Issue 6, May 29, 2012

Hosta Virus X

Hosta virus X (HVX) is a pathogen that has plagued gardeners worldwide. As with most viruses, HVX will not kill hosta; however it can cause a number of undesirable symptoms to appear on the host. HVX is also a difficult virus to pin down because symptoms can often take years to appear in infected hosts, and in some cases no symptoms may ever appear.

Picture of a Hosta positive for HVX provided by Trixy Corley.

Some major symptoms to look out for include: rugose or wrinked leaves, light green sections on leaves, ink bleed symptoms along leaf veins, mottling on leaves, collapsed or sunken tissue, general stunting of growth, necrosis, and ring spots. Symptoms of HVX can be highly variable depending on infected cultivar. Symptoms of HVX are consistent for specific cultivars, so comparisons can be made for suspected infections.

Picture of a Hosta positive for HVX provided by Trixy Corley.

HVX is normally transmitted from plant to plant through wound contact. Sap from infected plants can enter wounds on non-infected plants and quickly take up residence. The virus can also be spread when cuttings or divisions are made of infected plants. HVX can even be spread through tissue culture of infected hostas. Tissue culture is a common way of propagation for large hosta nurseries, so if an infected plant is chosen for culturing the spread of the virus can be extensive. The vector of transmission outside of this is unknown as of now (assuming there is one!), though it is known that the virus has no survivability outside of the living host.

A fun fact on HVX is that occasionally (and becoming more common) hostas are intentionally infected with HVX to produce cultivars with "cool" traits. While this might not sound like an awful idea, these cosmetic hosta cultivars can lead to the increased spread of HVX to hosta everywhere, which is definitely not "cool". Some of these varieties include (but are not limited to): Leopard Frog, Blue Freckles, Lunacy, Eternal Father, Kiwi, Watercolours, and Breakdance.

The only way to be sure of the presence of HVX in a hosta is through a scientific analysis (ELISA test). If you suspect that your hosta may be infected with HVX, you can submit a sample of leaves to the U of I Plant Clinic. The fee is $25 for an ELISA test. Please be sure to include a sample submission form with provided information with your sample.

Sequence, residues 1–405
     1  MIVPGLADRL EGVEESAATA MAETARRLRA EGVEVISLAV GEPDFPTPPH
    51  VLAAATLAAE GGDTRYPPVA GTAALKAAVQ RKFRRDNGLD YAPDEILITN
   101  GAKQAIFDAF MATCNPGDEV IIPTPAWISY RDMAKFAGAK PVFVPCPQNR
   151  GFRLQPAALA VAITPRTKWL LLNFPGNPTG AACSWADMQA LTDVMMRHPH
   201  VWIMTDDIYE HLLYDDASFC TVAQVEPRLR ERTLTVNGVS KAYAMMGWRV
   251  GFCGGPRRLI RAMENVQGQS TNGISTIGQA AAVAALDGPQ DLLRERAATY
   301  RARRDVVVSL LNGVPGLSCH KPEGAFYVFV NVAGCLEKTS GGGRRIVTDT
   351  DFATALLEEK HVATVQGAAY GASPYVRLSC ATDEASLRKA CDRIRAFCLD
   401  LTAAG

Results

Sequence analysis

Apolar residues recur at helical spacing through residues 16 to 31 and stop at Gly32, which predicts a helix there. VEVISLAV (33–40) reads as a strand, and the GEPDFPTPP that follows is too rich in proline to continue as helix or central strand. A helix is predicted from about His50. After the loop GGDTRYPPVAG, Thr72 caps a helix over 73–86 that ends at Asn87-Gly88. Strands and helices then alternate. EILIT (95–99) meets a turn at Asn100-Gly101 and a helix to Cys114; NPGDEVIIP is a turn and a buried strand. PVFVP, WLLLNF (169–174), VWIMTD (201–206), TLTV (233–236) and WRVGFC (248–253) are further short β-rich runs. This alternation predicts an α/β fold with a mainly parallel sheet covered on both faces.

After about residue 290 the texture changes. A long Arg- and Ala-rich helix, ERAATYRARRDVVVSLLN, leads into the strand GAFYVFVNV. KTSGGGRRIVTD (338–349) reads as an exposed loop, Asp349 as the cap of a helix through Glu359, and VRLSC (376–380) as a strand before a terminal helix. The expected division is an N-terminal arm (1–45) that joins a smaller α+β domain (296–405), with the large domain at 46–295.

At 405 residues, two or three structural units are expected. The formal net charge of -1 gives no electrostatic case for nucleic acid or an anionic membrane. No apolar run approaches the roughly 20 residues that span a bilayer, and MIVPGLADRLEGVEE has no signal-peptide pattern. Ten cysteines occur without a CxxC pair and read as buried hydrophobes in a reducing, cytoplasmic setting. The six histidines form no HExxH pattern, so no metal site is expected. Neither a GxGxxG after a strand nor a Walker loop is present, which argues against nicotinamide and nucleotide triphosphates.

An Agdia Quick Strip ELISA test can be used to determine the presence of HVX in hosta -2 red lines is a positive.

Sadly there is no easy fix for HVX. Once a hosta has been diagnosed as a host for HVX, it should be eradicated immediately. When removing infected hostas they should not be composted, as this can only increase spread. HVX hosts should be either burned or bagged. If the infected hostas are container grown and the container is to be reused, it should first be washed and rinsed in a 1:10 solution of bleach to water. Infected landscape hostas should be dug out and disposed of in the same manner. As much of the root material as possible should be removed, and that spot in the garden should remain vacant until all root material has decomposed in the soil. When working in the garden with hostas, some techniques can be used to reduce the chance of spreading. Ideally, knives or other tools used to split or cut hosts should be disinfected after use with each plant. Of course one of the best management practices for new buyers: only buy your hostas from trusted nurseries or other sources. (Stephanie Porter and Sean Mullahy)

Stephanie Porter
Sean Mullahy

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